iPod Care

I’ve owned a townhome on the “Woffline” bus line for 20 years now. I’ve actually lived in my house for about six of those 20 years, while renting it out the other 14. In January of 2004, I started grad school at NCSU, the college campus at the other end of the line.

On August 30, 2006, I did something I’ve never done in all of those years — I actually took the bus to campus. Being determined not to spend $75 for a parking pass to attend a once a week class this semester, I checked the schedule to find that the “#9 Fraternity Court” bus that picks up at the end of my street, drops me off about 20 minutes later, right in front of the building in which I have class.

I feel good about taking public transportation. I like the feeling of seeing my car still in my parking spot when I get home knowing I didn’t use any gas, didn’t put any wear and tear on it, and didn’t have to pay to park or find a spot far enough off Hillsborough Street that isn’t marked “Two Hour Parking Maximum.”

Last week, while riding home after class, the bus stopped at one of its three “wait stops,” which is where it will sit and wait if it’s ahead of schedule, or for a driver change. This was my 5th time taking the bus, and only twice has it stopped in this spot longer than just to drop off or pick up passengers. One time the wait was to get back on schedule; the other time it was to switch drivers.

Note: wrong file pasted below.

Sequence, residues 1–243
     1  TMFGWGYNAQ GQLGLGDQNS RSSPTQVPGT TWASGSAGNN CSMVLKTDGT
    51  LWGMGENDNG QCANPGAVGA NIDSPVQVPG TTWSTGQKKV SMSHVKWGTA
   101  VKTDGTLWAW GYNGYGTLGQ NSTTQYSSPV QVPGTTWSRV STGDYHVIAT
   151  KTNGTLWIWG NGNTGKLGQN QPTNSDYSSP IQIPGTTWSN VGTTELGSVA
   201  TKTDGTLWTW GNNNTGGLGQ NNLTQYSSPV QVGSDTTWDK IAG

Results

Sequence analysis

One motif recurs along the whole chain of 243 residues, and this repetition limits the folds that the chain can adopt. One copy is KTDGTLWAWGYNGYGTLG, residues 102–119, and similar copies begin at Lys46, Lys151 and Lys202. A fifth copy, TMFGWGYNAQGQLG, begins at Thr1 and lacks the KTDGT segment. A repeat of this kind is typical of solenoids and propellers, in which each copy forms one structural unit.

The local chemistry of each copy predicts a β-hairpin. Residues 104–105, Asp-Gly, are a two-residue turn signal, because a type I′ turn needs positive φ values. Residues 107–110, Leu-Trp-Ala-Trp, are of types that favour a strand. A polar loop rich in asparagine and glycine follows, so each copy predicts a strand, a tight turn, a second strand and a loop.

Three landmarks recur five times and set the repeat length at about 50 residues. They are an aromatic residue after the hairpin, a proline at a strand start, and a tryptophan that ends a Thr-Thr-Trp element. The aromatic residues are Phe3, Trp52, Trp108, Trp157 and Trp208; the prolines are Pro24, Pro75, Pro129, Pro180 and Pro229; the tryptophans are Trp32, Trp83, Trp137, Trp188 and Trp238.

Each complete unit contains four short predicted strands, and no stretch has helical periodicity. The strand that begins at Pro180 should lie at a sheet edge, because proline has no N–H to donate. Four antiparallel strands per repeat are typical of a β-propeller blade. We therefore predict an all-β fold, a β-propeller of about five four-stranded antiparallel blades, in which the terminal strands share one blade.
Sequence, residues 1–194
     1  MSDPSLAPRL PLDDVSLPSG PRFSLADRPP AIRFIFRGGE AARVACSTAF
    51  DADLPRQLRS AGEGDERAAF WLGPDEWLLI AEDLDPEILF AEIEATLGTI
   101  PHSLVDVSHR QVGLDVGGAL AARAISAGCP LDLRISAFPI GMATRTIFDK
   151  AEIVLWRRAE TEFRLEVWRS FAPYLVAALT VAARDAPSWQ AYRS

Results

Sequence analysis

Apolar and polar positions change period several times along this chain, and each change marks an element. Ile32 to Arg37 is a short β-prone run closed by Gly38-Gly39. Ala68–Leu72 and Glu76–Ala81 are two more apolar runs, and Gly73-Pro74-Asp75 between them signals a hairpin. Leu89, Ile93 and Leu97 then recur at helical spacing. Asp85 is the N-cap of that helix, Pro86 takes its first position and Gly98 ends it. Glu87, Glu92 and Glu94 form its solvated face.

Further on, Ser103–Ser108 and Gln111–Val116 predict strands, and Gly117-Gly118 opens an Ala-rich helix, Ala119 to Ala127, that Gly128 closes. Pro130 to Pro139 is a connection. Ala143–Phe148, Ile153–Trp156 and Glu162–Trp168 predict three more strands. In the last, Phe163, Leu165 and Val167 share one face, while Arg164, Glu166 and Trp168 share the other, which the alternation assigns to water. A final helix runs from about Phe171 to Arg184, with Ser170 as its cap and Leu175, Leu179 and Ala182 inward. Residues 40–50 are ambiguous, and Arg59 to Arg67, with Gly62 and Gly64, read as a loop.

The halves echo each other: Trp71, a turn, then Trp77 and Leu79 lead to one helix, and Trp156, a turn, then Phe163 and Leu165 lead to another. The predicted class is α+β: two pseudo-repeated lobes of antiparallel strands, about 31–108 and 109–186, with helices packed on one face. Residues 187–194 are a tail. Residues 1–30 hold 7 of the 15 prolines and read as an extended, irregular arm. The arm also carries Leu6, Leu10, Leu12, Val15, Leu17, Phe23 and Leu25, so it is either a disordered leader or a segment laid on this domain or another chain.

I was lost in my iPod, my soul being tortured by one of my 96 singles downloaded from my 10-CD set of “Classic Soul Ballads,” bought one night on a hotel TV in a weak moment. I haven’t owned a television for 4 1/2 years, but one night out of town and inebriated, the evil thing sucked me into one of its infomercials, which resulted in this purchase that has actually brought me great joy ever since. But I digress…

So, I’m on the stopped bus, music blaring in my ears, and those who are getting off at this stop proceed to do so. As the girl sitting across from me stands up, ear buds in her own ears, smiling she leans over and taps me on the shoulder.

“Everyone has to get off the bus,” she said as I removed my ear buds.

I looked around — having been totally oblivious to the fact that everyone else had departed — and I was thankful that she cared enough to cue me.

All of us, like cattle, walked to a new bus, which left momentarily. Before my stop, I tried to think of a way to say thank you to my St. Bernard. She bounded off the bus at the stop before mine, and because I didn’t tap her on the shoulder first, she didn’t hear me say, “Thanks for the iCare.”

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